November 18, 2010
The United Nations (UN) warned yesterday that food prices could rise by 10%-20% next year
after poor harvests and an expected rundown of global reserves. More than 70
African and Asian countries will be the worst hit, said the Food and
Agricultural Organization (FAO) in its monthly report.
In its gloomiest forecast since the 2007/08 food crisis, which saw food
riots in more than 25 countries and 100 million extra hungry people, the
report's authors urged states to prepare for hardship.
"Countries must remain vigilant against supply shocks," the report warned.
"Consumers may have little choice but to pay higher prices for their food.
The size of next year's harvest becomes increasingly critical. For stocks to
be replenished and prices to return to more normal levels, large production
expansions are needed in 2011."
Prices of wheat, maize and many other foods traded internationally have
risen by up to 40% in just a few months
Sugar, butter and cassava prices
are at 30-year highs, and meat and fish are both significantly more
expensive than last year.
Thanks to volatile commodity price, prices for coffee, wheat, flour and
sugar have been rising in recent months, and are expected to continue rising
World coffee prices are at a 13-year high, according to Scotiabank.
Wheat prices were up 29% year-over-year in October
Prices are up “tremendously” because of weak wheat crops in Canada and
Russia as well as Russia’s export ban that will last well into next year,
said Scotiabank commodity expert Patricia Mohr.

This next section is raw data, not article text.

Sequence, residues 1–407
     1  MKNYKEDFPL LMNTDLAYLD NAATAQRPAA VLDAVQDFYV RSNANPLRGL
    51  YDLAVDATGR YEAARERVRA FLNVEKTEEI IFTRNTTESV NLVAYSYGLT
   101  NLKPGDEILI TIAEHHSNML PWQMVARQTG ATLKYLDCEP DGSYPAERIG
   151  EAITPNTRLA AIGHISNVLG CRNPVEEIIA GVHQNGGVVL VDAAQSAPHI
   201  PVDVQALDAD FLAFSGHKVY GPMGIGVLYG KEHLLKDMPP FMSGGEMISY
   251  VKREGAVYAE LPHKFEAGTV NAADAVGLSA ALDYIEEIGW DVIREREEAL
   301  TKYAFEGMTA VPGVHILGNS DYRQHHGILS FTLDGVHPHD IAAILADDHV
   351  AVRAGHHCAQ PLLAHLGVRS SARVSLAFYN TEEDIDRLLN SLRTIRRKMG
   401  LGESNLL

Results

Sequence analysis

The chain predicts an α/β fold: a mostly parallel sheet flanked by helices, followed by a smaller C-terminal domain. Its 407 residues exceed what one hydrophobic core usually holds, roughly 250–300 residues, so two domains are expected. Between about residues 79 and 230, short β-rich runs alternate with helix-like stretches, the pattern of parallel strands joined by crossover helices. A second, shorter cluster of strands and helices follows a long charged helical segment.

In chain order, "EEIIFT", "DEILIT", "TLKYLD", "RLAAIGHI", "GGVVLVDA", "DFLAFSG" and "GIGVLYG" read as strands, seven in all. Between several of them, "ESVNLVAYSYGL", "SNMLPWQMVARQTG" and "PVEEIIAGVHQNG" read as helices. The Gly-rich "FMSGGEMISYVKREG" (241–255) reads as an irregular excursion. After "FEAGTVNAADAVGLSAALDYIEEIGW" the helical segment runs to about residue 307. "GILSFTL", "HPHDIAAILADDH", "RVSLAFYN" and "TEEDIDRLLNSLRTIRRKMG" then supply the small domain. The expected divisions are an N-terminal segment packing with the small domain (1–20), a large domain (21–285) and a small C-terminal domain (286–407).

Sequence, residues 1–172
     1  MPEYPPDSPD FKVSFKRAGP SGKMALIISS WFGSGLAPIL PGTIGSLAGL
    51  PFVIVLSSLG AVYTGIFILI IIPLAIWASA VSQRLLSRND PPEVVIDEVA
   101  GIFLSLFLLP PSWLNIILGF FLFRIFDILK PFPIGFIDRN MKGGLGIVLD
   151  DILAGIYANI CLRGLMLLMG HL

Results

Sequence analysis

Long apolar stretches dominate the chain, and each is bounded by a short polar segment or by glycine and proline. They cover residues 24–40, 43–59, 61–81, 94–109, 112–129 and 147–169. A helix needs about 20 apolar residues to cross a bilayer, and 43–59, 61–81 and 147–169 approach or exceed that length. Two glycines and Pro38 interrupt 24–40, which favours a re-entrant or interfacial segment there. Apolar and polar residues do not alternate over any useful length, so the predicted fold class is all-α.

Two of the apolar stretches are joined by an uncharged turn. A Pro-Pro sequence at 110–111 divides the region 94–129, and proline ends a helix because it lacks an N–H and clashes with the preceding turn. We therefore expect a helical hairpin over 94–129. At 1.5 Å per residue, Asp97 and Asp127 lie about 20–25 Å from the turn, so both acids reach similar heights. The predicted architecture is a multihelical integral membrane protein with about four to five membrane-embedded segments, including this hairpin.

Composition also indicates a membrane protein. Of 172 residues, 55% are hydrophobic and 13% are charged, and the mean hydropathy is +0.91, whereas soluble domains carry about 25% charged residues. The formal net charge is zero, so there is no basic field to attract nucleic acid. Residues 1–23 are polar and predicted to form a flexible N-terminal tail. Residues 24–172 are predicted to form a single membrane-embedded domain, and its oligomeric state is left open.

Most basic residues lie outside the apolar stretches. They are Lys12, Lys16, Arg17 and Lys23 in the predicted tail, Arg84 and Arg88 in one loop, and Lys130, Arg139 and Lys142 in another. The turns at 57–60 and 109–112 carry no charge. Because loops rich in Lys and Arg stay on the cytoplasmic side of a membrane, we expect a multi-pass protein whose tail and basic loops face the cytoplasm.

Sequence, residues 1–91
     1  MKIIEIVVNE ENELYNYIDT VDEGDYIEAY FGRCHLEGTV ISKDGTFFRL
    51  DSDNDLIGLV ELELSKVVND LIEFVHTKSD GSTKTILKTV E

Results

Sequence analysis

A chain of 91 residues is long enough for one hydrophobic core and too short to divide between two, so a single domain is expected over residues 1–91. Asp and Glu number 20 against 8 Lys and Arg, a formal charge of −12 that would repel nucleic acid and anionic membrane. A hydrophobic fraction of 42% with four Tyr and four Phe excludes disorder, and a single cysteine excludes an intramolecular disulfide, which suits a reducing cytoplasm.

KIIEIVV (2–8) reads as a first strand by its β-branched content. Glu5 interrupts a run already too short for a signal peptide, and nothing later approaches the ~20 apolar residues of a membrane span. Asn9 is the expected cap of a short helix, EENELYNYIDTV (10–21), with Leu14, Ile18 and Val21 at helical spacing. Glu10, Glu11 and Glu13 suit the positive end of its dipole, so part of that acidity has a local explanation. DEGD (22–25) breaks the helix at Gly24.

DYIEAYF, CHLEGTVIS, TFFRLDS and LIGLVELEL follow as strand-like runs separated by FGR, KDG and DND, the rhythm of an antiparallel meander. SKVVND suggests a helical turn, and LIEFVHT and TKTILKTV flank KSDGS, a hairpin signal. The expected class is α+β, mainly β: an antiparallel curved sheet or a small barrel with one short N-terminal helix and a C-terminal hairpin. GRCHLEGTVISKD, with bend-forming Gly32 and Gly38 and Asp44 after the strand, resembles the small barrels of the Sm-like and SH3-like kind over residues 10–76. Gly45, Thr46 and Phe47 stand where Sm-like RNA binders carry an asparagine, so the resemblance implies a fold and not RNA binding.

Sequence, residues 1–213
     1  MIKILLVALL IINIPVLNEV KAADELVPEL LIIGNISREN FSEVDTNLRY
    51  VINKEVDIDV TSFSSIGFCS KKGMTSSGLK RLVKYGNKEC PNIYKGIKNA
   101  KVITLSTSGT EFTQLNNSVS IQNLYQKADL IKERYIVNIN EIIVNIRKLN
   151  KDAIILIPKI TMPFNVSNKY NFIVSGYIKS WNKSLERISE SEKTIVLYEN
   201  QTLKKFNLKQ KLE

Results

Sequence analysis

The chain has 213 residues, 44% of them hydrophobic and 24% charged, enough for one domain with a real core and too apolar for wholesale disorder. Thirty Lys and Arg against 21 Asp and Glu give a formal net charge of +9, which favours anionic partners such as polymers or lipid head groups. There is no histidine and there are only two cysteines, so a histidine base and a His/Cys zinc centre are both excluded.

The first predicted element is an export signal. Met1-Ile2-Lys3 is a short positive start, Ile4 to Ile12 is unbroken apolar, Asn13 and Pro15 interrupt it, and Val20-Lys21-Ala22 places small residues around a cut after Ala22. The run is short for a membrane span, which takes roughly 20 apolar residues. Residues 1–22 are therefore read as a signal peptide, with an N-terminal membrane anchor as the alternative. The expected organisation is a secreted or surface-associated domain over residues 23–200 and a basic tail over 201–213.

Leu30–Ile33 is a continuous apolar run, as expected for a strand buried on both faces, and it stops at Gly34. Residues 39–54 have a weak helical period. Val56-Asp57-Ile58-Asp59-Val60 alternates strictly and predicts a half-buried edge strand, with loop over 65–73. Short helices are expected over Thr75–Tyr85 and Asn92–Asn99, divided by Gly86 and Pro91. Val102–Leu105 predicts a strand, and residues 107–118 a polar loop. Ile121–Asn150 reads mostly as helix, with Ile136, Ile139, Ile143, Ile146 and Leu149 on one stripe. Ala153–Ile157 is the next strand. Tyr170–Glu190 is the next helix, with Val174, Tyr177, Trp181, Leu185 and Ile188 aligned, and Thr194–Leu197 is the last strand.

To help cushion the impending blow, Tim Hortons - Canada's largest
restaurant chain - has bought up enough wheat, flour and coffee to make it
through the first half of 2011 and enough sugar for the entire year, said
Chief Executive Don Schroeder.
Food price inflation - fuelled by price speculation, the searing heat-wave in
Russia in the summer and heavy trading on futures markets - is now running
at up to 15% a year in some countries. According to the UN, international
food import bills could pass the $1tn mark, with prices in most commodities
up sharply from 2009.
Extreme volatility in the world markets has taken the UN by surprise and
forced it to reassess its forecasts for next year.
"Rarely have markets
exhibited this level of uncertainty and sudden turns in such a brief period
of time. World cereal production this year, which is currently put at 2,216m tonnes, is 2% below 2009 levels, 63m tonnes less than the forecast reported
in June," said the authors.
"Contrary to earlier predictions, world cereal production is now forecast to
contract by 2% rather than to expand by 1.2%, as anticipated in June," they
Global food reserves, which currently stand at around 74 days, are now
expected to decrease significantly in the next few months.
may drop by around 7%, barley nearly 35%, maize 12% and wheat 10%. Only rice
reserves are expected to increase, by 6% next year," said the report.
Much now hangs on next year's harvests, it said.
"International prices could
rise even more if production next year does not increase significantly - especially in maize, soybean and wheat. Even the price of rice, the supply
of which is more adequate than other cereals, may be affected if prices of
other major food crops continue climbing."
But food analysts said the prospects for a bumper world harvest next year
"2011 will not be a good harvest. The condition of winter wheat
crops is not good. Neither the US nor Russia are expecting good harvests,"
said Lester Brown, founder of the Washington-based
"The poorest will suffer the most because they feel the effect of price
rises directly. In the US and Europe, wheat may only make up 10% of the
price of a loaf of bread."